He wrote a book review, Tom.

He ruined his life.

He ruined his career. There's a difference.

Why are you defending him?

I'm not. I'm defending Richard. But Vincent never did anything to you.

I'm just about to dig into Paul, when I see the effect our conversation is having on him. He runs the base of his palm above his cheeks, blotting them. For a second I can only see headlights on the road. A horn is blaring.

Richard's always been good to me, Paul is saying.

I don't remember my father making a sound. Not once during that drive, not even when we skidded off the road.

You don't know them, he says. Either of them.

I'm not sure when the rain began-while we were driving to see my mother at the book show, or on the way to the hospital when I was riding in the ambulance.

I found this book review once of Vincent's first major work, Paul continues. A clipping in his house, from the early seventies, back when he was a hotshot at Columbia-before he came to the Institute and his career fell apart. It was glowing, the kind of thing professors dream about. At the end it said, 'Vincent Taft has already begun his next project: a definitive history of the Italian Renaissance. To judge from his existing work, it will be a magnum opus indeed; the sort of rare accomplishment in which the writing of history becomes the making of history.' I remember that, word for word. I found it spring of sophomore year, before I really knew him. That was the first time I started to understand who he was.

A book review. Like the one he sent my father, just to be sure he'd seen it. The Belladonna Hoax, by Vincent Taft.

He was a star, Tom. You know that. He had more going on upstairs than most of the faculty here combined. But he lost it. He didn't burn out, he just lost it.

The words are gathering momentum, crowding into the air as if a balance can be struck between the silence outside him and the pressure within. I feel like I'm swimming, flailing as the tide pulls me out. Paul begins to talk about Taft and Curry again, and I tell myself they're just characters in another book, men in hats, figments of the blackout imagination. But the more he talks, the more I begin to see them the way he does.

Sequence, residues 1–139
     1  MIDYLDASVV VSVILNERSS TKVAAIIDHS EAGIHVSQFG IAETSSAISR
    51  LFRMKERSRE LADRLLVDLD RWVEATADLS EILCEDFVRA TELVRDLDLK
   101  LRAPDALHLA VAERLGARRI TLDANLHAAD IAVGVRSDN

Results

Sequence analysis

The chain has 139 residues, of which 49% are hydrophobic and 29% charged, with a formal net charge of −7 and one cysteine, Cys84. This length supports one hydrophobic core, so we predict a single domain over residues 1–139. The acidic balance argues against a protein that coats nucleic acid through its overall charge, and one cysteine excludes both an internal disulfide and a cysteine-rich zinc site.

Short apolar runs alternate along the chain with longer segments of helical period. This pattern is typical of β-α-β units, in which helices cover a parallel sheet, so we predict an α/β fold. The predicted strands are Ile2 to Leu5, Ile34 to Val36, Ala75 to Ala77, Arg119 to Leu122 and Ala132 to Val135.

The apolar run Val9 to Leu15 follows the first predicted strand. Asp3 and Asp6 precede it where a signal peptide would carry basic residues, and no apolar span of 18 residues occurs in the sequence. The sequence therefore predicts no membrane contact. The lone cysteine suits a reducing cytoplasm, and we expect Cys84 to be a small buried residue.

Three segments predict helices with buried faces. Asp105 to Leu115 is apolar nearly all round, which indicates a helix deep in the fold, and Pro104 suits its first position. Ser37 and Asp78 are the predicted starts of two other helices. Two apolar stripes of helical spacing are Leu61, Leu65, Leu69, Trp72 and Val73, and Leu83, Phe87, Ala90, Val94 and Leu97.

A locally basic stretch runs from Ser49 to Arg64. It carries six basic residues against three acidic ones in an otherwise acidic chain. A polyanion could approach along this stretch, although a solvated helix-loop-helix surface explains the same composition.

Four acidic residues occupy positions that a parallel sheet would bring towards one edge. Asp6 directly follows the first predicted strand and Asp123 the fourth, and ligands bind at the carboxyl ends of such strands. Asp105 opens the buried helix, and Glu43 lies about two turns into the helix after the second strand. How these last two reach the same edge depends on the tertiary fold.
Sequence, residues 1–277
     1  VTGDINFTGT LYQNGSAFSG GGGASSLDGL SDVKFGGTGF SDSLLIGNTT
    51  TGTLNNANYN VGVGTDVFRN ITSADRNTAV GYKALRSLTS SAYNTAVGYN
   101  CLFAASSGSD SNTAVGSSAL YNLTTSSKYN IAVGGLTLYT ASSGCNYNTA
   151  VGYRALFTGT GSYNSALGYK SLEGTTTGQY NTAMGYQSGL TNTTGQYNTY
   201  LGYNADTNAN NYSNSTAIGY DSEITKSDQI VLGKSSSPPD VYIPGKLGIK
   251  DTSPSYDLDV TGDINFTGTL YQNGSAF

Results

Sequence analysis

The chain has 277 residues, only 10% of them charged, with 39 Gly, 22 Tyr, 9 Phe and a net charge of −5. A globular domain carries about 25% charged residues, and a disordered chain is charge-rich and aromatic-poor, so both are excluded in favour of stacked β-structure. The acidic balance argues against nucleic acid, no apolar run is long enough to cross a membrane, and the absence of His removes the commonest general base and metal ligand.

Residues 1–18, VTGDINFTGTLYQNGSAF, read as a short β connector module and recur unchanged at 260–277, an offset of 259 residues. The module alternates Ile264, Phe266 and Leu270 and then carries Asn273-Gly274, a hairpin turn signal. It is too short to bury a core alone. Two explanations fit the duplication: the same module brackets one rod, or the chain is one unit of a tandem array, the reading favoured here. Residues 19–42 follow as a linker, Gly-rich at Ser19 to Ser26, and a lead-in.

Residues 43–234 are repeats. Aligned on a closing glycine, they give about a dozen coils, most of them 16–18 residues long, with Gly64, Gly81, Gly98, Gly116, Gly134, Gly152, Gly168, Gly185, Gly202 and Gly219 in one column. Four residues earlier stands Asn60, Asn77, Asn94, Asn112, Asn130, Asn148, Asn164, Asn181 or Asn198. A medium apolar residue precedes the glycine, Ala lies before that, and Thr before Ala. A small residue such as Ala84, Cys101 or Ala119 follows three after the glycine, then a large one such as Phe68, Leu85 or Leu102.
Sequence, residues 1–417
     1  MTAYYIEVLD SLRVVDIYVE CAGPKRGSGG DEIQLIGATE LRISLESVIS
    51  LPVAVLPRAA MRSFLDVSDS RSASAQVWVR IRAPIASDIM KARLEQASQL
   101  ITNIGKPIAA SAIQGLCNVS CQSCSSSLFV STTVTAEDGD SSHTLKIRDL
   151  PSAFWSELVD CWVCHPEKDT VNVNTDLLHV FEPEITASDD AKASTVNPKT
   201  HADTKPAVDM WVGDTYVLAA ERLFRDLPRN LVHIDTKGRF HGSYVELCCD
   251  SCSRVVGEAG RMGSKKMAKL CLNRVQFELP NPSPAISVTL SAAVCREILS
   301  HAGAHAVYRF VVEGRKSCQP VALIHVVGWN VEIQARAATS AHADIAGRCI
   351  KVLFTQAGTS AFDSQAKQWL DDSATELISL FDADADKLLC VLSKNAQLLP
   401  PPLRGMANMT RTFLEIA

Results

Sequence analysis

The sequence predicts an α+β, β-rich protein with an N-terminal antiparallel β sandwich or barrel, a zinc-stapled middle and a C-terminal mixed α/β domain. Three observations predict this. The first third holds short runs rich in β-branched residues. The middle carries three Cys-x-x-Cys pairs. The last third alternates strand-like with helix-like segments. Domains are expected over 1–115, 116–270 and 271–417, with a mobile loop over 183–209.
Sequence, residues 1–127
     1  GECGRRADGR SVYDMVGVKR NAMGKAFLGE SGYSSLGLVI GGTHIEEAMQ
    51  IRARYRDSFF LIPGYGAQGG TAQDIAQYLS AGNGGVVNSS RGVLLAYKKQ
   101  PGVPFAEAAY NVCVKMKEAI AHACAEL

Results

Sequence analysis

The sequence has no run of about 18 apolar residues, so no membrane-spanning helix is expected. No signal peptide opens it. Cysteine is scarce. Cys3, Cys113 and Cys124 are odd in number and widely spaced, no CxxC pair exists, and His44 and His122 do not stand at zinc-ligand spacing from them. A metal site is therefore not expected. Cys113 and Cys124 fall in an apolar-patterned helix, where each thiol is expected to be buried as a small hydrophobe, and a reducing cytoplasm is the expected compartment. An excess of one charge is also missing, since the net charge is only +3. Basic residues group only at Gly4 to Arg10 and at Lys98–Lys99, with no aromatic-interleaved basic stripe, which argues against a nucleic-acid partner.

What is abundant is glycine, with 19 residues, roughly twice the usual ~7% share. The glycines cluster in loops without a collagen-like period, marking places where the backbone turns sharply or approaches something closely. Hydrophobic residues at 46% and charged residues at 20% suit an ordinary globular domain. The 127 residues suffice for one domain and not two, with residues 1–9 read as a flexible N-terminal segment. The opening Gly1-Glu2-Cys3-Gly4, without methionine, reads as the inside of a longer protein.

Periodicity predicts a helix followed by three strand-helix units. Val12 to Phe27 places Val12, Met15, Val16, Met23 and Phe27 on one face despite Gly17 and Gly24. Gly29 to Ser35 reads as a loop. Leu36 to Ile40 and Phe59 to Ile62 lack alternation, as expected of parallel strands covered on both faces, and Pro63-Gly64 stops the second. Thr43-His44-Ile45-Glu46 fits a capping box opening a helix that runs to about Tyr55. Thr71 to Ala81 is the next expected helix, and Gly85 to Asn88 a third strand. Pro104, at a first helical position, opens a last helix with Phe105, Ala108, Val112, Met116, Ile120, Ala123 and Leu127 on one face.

In the aftermath of the debacle surrounding the portmaster's diary, Taft moved from Manhattan into a white clapboard house at the Institute, a mile southwest of the Princeton campus. Maybe it was the solitude that got to him, the absence of colleagues to wrestle with, but within months, rumors of his drinking began to circulate through the academic community. The definitive history he'd planned quietly expired. His passion, his command of his gift, seemed to crumble.

Three years later, on the occasion of his next publication-a thin volume on the role of hieroglyphics in Renaissance art-it became clear that Taft's career had stalled. Seven years after that, when his next article was published in a minor journal, a reviewer called his decline a tragedy. According to Paul, die loss of what Taft had with Curry and my father continued to haunt him. In the twenty-five years that elapsed between his arrival at the Institute and his meeting with Paul, Vincent Taft published only four times, preferring to pass his time writing criticism of other scholars' work, especially my father's. Not once did he recover the fiery genius of his youth.